Schneider Electric partnership to develop liquid cooling for power-hungry data centres

Company will use Iceotope technology to create chassis-level cooling for AI, IoT and edge systems

Schneider Electric building

Schneider Electric has entered into a strategic partnership that will see the company collaborate on the development of cutting-edge data centre liquid cooling technology.

The energy and automation giant will work alongside Iceotope, a company known for its chassis-level liquid cooling technology, and Avnet, a global technology services provider that will help deliver the products to market.

The company made the announcement at its annual Innovation Summit, held this year in Barcelona, saying is to produce chassis-level liquid cooling that's able to keep pace with the increased use of high-power graphical processing units within data centres, which are by far the most efficient processors for powering AI, IoT and Big Data analytics but often overheat when paired with traditional air cooling systems.

"Compute intensive applications like AI and IoT are driving the need for better chip performance," explained Kevin Brown, CTO and SVP of Innovation in Schneider Electric's Secure Power division.

"Our quantitative analysis and testing of liquid cooling approaches shows significant benefits to the market. This partnership is the next step in solution development and we are excited to be working with Avnet and Iceotope."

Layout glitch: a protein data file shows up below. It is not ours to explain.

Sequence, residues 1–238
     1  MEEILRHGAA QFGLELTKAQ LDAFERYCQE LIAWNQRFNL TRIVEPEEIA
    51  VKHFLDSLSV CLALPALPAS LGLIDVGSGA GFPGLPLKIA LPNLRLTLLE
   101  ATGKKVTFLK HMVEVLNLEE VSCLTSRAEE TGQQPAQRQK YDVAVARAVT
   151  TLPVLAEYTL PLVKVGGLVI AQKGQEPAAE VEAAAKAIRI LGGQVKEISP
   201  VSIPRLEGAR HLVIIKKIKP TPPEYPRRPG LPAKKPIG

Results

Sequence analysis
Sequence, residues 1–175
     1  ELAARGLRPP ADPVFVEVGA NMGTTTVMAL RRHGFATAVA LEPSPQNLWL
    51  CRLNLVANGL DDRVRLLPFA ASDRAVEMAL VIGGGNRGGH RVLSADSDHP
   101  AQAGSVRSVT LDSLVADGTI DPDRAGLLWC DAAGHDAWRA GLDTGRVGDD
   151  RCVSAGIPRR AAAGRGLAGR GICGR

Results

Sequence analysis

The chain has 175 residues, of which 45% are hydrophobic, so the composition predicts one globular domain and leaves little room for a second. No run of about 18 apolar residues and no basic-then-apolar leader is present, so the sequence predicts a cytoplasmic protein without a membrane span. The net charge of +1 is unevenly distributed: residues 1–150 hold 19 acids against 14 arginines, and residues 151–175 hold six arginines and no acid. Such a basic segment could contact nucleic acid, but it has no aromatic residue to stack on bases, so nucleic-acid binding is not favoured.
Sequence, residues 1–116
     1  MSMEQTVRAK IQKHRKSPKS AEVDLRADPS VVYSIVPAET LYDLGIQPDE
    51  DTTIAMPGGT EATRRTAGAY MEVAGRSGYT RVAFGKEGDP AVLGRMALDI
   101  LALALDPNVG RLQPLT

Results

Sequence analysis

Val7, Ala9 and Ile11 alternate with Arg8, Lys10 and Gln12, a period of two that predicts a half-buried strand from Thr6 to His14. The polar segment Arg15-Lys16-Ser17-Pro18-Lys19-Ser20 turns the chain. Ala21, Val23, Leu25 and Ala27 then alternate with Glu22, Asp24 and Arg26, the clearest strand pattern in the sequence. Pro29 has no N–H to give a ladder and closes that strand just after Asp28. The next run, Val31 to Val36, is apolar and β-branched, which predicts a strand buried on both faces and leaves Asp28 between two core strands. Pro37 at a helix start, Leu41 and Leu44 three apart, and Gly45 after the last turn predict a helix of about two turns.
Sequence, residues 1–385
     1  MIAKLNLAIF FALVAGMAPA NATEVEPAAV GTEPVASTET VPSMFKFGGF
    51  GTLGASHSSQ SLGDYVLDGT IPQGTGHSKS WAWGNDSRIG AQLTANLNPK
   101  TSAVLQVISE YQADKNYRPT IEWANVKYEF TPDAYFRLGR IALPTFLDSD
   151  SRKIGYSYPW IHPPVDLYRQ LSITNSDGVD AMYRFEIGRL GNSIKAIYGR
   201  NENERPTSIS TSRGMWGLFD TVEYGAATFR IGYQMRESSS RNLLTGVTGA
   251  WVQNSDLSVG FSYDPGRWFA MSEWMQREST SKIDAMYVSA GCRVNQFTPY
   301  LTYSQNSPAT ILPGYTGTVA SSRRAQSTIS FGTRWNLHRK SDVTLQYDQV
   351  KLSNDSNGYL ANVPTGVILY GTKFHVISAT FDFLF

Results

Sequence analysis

In closed testing, early analysis of the proposed liquid cooling technologies produced CapEx savings of around 15% and energy savings of at least 10%, when compared with traditional air-cooled systems. If deployed, this would lead to total cost of ownership savings of over 11% over a 20-year period, the company claimed.

Iceotope has received $10 million in series A funding, led by Aster Capital in 2014, which also established a deal with Schneider Electric. The agreement will essentially see Iceotopes' current liquid cooling technology, which is already in use across the IT stack, including cloud and edge deployments, brought to the data centre environment for the first time.

Schneider said it was increasingly finding that the sort of GPU chips required for AI and edge deployments often came with thermal design power ratings of 400 watts or more, making air cooling too expensive and inefficient to use extensively.

To combat this, Schneider said it would work towards creating systems capable of being partially submerged in a dielectric fluid. This, it claims, will make cooling systems entirely silent and drastically reduce the form factor, making it also suitable for less power-intensive systems, although it's unclear how much up-front investment will be required to make this feasible.

David Craig, CEO of Iceotope, said his company was eager to work with Schneider and Avnet to create a product that is able to deliver on the promise of liquid cooling for the data centre.

"Working with great partners that share the same passion for innovation, solution-focused thinking and quality is a pleasure," said Craig. "Our ability to bring our IP to combined solutions that manage the pressing challenges of chip density, energy and water consumption, space and location challenges and the ever more complex issues relating to harsh environment and climate will be game-changing in the industry."

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